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Zines

In the first volume of Mapping Out Utopia, Tim Devin looks at a wide range of counterculture organizations in 1970s Cambridge, Massachusetts. While its focus at first glance seems local (and will hold particular interest to those familiar with Cambridge), Devin uses the place as a microcosm of the time period examining the larger-scale movements these organizations were connected to...[ continued ]

The second volume of Tim Devin's epic delve into the counterculture movements of the 1970s. Using the greater Boston area as a microcosm, he maps out the diverse manifestations of people organizing, working, and living collectively.

"Mapping Out Utopia is a three-part look at the Boston area's 1970s counterculture, based on listings found in old countercultural directories and magazines...[ continued ]

The Mapping Out Utopia zine series is stunning in the depth of its research and the way it examines local history as a microcosm of broad societal change. In this, the third and final issue, Devin looks at communities near the Boston area and the kinds of counterculture organizations that formed there in the 1970s. While mapping these organizations and their histories, he also provides brief histories of the environmental movement, corporate boycotts, consumer rights, the peace movement, food cooperatives, and so much more...[ continued ]

The Family Fun Manual, Vol. IV:​ Rainy Day Craft Projects for When Your Country Has Elected a White Supremacist Who Openly Brags About Sexually Assaulting Women leads you through a series of craft projects that not only entertain children, but help guide you through your own Trump era desperation. Or, at least, these craft projects acknowledge that your emotions—your sadness about the state of the world, your fear for the well-being of your loved ones—are consuming every part of your being and cannot be ignored by mindless craft projects...[ continued ]

A highly recommended interview issue from this long-running Vancouver, B.C. punk zine. Community organizing, the perspective and challenges of being a DIY lifer, real-life sailing epics. Aaron Cometbus, Shellshag, Matt Hern, and more.
60 pages, half-letter size.

Shotgun Seamstress #8 covers so much territory. Thoughts on imperfect heroes and the way that slogans can't sum up systematic oppression. Broadside-esque pages on punk activism, Alli Lowe of The Atomic Tanlines, and Neil deGrasse Tyson.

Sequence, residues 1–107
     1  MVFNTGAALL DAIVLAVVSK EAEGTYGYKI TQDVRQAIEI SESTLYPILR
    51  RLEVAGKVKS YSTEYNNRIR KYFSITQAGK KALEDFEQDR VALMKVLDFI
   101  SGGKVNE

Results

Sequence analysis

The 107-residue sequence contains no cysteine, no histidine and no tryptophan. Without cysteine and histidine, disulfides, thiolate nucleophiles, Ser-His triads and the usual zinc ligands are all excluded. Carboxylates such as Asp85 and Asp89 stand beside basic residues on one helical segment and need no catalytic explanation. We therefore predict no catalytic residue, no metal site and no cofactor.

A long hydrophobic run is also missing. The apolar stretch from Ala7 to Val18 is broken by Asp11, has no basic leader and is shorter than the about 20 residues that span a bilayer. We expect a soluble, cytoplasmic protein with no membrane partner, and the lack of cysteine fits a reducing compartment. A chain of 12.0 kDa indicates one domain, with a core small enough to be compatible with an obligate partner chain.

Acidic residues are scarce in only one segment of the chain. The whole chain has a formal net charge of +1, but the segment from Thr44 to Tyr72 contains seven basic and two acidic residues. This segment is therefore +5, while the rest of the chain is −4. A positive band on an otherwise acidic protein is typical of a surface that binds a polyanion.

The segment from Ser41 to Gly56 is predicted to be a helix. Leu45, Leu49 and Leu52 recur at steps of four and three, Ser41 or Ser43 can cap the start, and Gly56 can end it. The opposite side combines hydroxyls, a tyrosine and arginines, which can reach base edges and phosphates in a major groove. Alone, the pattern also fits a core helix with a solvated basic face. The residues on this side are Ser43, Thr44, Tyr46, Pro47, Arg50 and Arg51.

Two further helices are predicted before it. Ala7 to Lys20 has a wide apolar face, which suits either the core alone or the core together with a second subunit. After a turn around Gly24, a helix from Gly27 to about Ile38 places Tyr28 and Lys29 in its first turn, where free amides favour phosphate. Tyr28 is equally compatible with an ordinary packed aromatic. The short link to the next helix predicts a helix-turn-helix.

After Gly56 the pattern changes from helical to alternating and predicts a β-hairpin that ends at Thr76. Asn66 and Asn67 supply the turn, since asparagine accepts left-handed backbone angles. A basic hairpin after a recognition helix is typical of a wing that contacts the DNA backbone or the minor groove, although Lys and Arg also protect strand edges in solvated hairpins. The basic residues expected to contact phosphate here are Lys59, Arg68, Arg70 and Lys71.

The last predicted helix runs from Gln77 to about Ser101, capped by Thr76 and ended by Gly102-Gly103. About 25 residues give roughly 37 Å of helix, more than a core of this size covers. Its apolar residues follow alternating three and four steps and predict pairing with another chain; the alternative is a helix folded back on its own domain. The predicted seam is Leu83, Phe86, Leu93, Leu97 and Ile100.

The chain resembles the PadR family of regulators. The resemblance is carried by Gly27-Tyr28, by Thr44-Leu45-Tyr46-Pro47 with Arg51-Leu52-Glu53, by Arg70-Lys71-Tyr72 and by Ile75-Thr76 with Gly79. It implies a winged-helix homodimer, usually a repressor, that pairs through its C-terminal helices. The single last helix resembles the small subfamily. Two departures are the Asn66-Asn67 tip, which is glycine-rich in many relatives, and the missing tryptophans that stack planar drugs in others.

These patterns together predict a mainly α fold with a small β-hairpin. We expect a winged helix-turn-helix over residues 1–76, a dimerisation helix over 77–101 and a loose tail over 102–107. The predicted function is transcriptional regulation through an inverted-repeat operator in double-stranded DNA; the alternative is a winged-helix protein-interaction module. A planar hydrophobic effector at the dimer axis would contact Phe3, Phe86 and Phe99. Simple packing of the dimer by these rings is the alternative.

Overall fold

Interviews with Afrofuturist Wizard Apprentice, Marc Edwards of Cellular Chaos, horror movie actress Geretta Geretta, and Monika Estrella Negra on Chicago's black and brown punk shows...[ continued ]

In Snacks in the Park, Portland zine legend Moe Bowstern (Xtra Tuf) meets up with interesting Portlanders in parks around the city. Along the way, there's bits of local history and far-ranging discussions. Casual and fun, but with plenty of depth, Snacks is an interesting ride from cover to cover.

Conversations with: rapper and activist Mic Crenshaw, film-score composers Shawn Parke and Kim Henninger, massage therapist and burlesque performer Shanta Prescott, community radio manager and activist Monica Beemer, furniture maker and salvager Preston Browning, and writer and activist Judith Arcana...[ continued ]

In this issue of Somnambulist, Martha Grover publishes her mom Frani's letters to Portland mayor Ted Wheeler regarding Portland's housing crisis. This far-reaching collection of letters brings in personal, literary, and historical viewpoints. Largely, she writes from her perspective as a long-time advocate for houseless communities. She talks about the friends she's made in these communities over the years and the challenges these friends have faced, trying to get through to the mayor...[ continued ]

Inspiring, fun, heartbreaking, glorious prose poems by Tomas Moniz. Read it and go out into the world feeling ready for anything.

36 pages, quarter-size.

Last copy! Marked down due to minor assembling errors. The new issue of one of the all-time best zines. In a series of letters, written over the course of two years teaching in Chicago Public Schools, LB thinks about how to cope when everything feels so hopeless. Looking at systems of power in many forms—the perpetuation of sexual violence against women, the disregard of low-income students of color—LB tries to make sense of the onslaught of awful they deal with every day...[ continued ]